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World J Surg. 2004 Nov;28(11):1115-21.

Papillary microcarcinoma of the thyroid: how should it be treated?

Author information

1
Department of Surgery, Kuma Hospital, Chuo-ku, 650-0011 Kobe City, Japan. ito01@kuma-h.or.jp

Abstract

We previously demonstrated that (1) most papillary microcarcinomas can be followed without surgical treatment and (2) when surgery is performed, patients with lateral lymph node metastasis detected on preoperative ultrasonography (US) are more likely to develop recurrence. In this study, we further investigated the application of these strategies. To date, we have observed 211 patients (average follow-up 47.9 months). In more than 70% of these patients the tumor size did not increase during the follow-up period. There were no clinicopathologic features linked to tumor enlargement except in tumors > or = 7 mm, which tended to enlarge in patients followed for 4 years. To evaluate not only whether observation can continue but also how to dissect the lymph nodes optimally at surgery, US diagnosis for lateral node metastasis is essential because the presence of US-diagnosed lateral metastasis is an even stronger predictive marker for recurrence than the presence of pathologically confirmed node metastasis. The positive predictive value (PPV) was 80.6% for US but reached 100% if fine-needle aspiration biopsy (FNAB) of nodes or FNAB-thyroglobulin measurement is added. Furthermore, carcinomas occupying the upper region of the thyroid more frequently showed US-diagnosed and pathologically confirmed lateral metastasis, and those measuring > or = 7 mm were more likely to show pathologically confirmed lateral metastasis. These findings suggest that, for papillary microcarcinoma: (1) US-diagnosed lateral metastasis is a strong marker predicting a worse relapse-free survival; (2) FNAB of nodes and FNAB-thyroglobulin measurement are useful tools for evaluating lymph node metastasis; and (3) careful US evaluation for lateral metastasis is necessary in patients with a tumor measuring > or = 7 mm or that is located in the upper region of the thyroid both during observation and preoperatively.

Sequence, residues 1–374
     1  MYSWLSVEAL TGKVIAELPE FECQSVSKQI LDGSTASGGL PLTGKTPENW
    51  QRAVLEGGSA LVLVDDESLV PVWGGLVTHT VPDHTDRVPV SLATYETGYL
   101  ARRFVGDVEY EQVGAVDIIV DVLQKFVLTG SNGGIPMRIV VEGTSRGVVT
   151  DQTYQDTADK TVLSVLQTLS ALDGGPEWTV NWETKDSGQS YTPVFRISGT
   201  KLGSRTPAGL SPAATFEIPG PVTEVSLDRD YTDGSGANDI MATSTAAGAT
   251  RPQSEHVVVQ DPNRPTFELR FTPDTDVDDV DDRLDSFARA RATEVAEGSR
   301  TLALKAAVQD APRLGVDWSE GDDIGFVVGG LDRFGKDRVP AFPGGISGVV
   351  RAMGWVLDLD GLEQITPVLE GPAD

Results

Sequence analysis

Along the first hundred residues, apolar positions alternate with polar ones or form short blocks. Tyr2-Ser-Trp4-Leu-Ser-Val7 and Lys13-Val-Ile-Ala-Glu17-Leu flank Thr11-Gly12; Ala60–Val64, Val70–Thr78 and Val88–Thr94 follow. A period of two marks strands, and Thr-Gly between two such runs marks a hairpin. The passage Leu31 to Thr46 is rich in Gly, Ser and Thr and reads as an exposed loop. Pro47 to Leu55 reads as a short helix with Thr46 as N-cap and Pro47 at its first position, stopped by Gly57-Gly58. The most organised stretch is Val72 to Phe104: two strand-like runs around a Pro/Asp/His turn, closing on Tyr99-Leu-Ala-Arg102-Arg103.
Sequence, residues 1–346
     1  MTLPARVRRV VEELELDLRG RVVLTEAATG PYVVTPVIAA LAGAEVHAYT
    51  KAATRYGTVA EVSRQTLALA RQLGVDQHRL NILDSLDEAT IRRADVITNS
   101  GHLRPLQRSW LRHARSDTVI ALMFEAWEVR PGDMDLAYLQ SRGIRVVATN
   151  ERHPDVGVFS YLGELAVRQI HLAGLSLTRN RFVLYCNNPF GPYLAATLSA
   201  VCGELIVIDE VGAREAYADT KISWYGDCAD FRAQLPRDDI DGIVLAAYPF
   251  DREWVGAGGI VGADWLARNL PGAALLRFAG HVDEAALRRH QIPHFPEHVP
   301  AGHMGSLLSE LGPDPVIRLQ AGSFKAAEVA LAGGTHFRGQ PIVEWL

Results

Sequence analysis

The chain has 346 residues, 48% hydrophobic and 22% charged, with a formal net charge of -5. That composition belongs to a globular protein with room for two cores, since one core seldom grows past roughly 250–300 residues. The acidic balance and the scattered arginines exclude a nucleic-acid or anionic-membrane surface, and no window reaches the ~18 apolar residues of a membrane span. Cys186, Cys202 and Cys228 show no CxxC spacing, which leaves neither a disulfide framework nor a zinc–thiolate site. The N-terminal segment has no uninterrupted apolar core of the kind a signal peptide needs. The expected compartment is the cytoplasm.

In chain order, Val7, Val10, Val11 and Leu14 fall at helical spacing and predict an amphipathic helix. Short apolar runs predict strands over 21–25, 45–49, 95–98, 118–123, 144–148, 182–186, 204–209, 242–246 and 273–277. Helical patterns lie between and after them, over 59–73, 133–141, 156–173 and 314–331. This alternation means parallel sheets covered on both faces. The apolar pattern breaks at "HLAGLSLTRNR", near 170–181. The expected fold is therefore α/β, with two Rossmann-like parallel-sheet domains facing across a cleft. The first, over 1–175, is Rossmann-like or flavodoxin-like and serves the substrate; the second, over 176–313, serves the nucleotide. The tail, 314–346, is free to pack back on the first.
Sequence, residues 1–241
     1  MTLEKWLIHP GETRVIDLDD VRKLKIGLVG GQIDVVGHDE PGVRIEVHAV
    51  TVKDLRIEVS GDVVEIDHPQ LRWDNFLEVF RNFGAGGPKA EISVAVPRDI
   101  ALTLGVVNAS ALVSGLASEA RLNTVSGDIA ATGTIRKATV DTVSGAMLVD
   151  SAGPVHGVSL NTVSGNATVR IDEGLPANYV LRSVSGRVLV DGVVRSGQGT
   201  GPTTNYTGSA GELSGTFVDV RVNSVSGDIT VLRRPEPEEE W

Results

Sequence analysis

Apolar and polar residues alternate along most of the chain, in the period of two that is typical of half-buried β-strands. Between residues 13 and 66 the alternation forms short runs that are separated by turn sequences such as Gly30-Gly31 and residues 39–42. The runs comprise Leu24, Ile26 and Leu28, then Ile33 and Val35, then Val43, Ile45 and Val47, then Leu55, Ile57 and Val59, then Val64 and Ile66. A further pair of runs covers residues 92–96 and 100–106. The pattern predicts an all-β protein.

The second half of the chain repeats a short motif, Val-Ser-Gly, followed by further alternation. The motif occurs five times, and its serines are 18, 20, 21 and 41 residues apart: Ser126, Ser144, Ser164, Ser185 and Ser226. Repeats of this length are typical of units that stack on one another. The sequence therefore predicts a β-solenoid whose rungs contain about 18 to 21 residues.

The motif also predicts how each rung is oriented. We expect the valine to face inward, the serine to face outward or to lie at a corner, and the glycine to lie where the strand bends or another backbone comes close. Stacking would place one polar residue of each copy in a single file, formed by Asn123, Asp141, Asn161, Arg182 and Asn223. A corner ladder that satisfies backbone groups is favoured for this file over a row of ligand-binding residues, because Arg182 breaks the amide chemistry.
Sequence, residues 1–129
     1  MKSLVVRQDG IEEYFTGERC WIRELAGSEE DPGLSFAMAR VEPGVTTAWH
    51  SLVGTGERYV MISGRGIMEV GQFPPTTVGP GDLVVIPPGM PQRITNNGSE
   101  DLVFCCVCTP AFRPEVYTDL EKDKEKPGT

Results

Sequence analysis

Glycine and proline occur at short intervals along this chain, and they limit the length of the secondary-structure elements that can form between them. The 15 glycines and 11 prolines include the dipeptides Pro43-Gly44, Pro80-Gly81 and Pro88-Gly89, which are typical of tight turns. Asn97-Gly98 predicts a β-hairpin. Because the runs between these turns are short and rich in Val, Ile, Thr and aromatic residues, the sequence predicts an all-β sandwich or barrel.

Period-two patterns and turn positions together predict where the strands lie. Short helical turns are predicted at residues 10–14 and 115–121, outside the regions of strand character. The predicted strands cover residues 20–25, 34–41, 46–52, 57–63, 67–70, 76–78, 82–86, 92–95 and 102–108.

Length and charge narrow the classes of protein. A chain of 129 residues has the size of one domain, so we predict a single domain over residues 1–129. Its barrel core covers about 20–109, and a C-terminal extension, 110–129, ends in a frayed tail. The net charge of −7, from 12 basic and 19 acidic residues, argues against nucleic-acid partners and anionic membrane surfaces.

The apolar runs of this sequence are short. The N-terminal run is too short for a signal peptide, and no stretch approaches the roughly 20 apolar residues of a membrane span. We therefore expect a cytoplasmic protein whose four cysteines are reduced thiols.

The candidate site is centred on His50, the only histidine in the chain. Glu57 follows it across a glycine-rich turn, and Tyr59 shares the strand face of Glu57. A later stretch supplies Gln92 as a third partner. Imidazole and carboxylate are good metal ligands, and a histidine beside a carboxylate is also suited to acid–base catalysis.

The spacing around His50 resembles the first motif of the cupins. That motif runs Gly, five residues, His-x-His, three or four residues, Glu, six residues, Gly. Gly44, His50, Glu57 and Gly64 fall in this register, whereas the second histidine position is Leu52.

PMID:
15490053
DOI:
10.1007/s00268-004-7644-5
[Indexed for MEDLINE]

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